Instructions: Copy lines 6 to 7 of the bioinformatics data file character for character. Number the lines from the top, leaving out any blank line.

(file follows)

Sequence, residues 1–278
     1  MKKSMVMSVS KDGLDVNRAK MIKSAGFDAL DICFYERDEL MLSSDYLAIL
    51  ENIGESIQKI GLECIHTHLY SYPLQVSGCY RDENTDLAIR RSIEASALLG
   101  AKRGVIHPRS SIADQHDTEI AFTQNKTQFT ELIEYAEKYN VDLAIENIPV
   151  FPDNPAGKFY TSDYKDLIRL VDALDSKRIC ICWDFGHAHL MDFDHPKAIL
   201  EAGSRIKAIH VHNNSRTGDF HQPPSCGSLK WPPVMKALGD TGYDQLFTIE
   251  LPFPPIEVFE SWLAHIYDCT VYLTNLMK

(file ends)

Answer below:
   201  EAGSRIKAIH VHNNSRTGDF HQPPSCGSLK WPPVMKALGD TGYDQLFTIE
   251  LPFPPIEVFE SWLAHIYDCT VYLTNLMK